Sep 10, 2015
Fall’s River Smallmouth Bonanza
By: Tom Luba
To a river smallmouth bass, 60 degree water means two things. One is the call to the spring spawning shallows. The second happens now, spurring smallies into movements that can produce the best fishing of the year for anglers with a keen eye on the gradually falling temperatures.
On the Wolf River, for instance, the water starts to cool in mid to late September. That’s when the bass start transitioning from their shallow summer locations, in smaller rivers like the Waupaca, the Little Wolf and the Embarrass, to the Wolf, where they will winter in the deeper holes.
The Wolf isn’t the only state river that hosts migrating smallmouth, however.
According to Wisconsin Department of Natural Resources Fisheries Biologists, bass in rivers like the St. Croix, the Red Cedar, the Lower Chippewa, and others, also seek deeper waters in the fall. Plus, rivers like the Menominee, sectioned by a series of dams, find bass moving back to the deeper water near the exit dams.
The exact date the bass start moving varies by the prevailing conditions each year, but once they’ve gotten to the general wintering areas, all thoughts turn to food. And all these bass, in a much more condensed area than their summer range, can truly be a smallmouth bonanza.
While spring action can tail off quickly after the spawn, once these river smallies get in close proximity, quality fishing can hold up all fall. To capitalize on this, it pays to look at how the fish relate as the fall waters cool.
Once the bass make this fall transition, they look for feeding areas and opportunities. With the water temperature in the fifties, the bass are in the chasing mood. So, moving baits are a big part of the early approach. Crankbaits are key during the early stage. The fish gather on feeding shelves, or they move up and down sloping banks chasing prey. Cranks like Bomber 7As or Strike King 5 Series deep divers can go down and get them. Look for areas that are 4 to 8 feet deep at this point. Bounce the deep cranks along these breaks. If you need to vary the depth, switch to a Rat-L-Trap. Since the Trap sinks, you can vary the depth of retrieve on a moment’s notice. Fish might be holding in the slack waters before a riffle, or hanging on the side of a sloping bank. A diver with a lip is restricted to a particular depth. A Rat-L-Trap can be worked at various depths during the same retrieve. Color-wise, go with Brown Crawfish, Fire Tiger, or a Red Caw pattern. For Rat-L-Traps, also keep a chrome finish handy for use in the shallower riffle areas. And always cast upstream and parallel to the bank. It keeps the bait in the strike zone a lot longer.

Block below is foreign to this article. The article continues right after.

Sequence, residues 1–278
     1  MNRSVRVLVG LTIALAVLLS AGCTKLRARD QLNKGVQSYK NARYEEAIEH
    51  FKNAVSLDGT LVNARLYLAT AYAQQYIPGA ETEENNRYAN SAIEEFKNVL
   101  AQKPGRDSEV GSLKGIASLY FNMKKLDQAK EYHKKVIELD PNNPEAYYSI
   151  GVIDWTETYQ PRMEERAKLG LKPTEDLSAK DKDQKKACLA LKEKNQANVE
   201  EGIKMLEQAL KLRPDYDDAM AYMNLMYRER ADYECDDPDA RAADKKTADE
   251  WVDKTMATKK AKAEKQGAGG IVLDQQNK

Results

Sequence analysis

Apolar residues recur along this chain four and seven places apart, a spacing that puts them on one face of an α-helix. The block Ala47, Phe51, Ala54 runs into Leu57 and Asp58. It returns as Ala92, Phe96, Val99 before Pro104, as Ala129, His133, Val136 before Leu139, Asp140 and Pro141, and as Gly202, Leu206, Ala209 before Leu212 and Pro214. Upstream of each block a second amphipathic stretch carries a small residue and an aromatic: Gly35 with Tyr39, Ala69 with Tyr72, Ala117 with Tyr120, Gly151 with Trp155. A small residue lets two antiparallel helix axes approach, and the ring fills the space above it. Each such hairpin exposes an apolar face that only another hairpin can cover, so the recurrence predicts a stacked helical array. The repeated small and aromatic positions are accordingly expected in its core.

The “chase” period holds through the 50s and while a crankbait can kick butt at 50 to 52 degrees, once the water temperature drops into the high 40s, the fish start vacating the shallower flats.
At this point, the fish are moving toward deeper water. They will winter in areas 18 or more feet deep, so when you locate these potential wintering holes, fish the surrounding areas thoroughly. From 48 to 43 degrees, jigs become the “go-to” bait. 3-1/2-in. tubes are an excellent choice during this phase. Bucktail or “hair” jigs also work well, and I usually fish a natural color, tipped with a 4-in. Crème firetail worm. Grubs and smaller Beaver-styled plastic creatures also work. With the volume of different plastics now on the market, don’t be afraid to try anything you have confidence in. Personally, that’s how I have discovered “new” baits and approaches over the years. Go with colors like Watermelon Seed and Green Pumpkin. But colors like Chartruse, Fire Tiger and Peanut Butter and Jelly can produce quite well as change-up colors.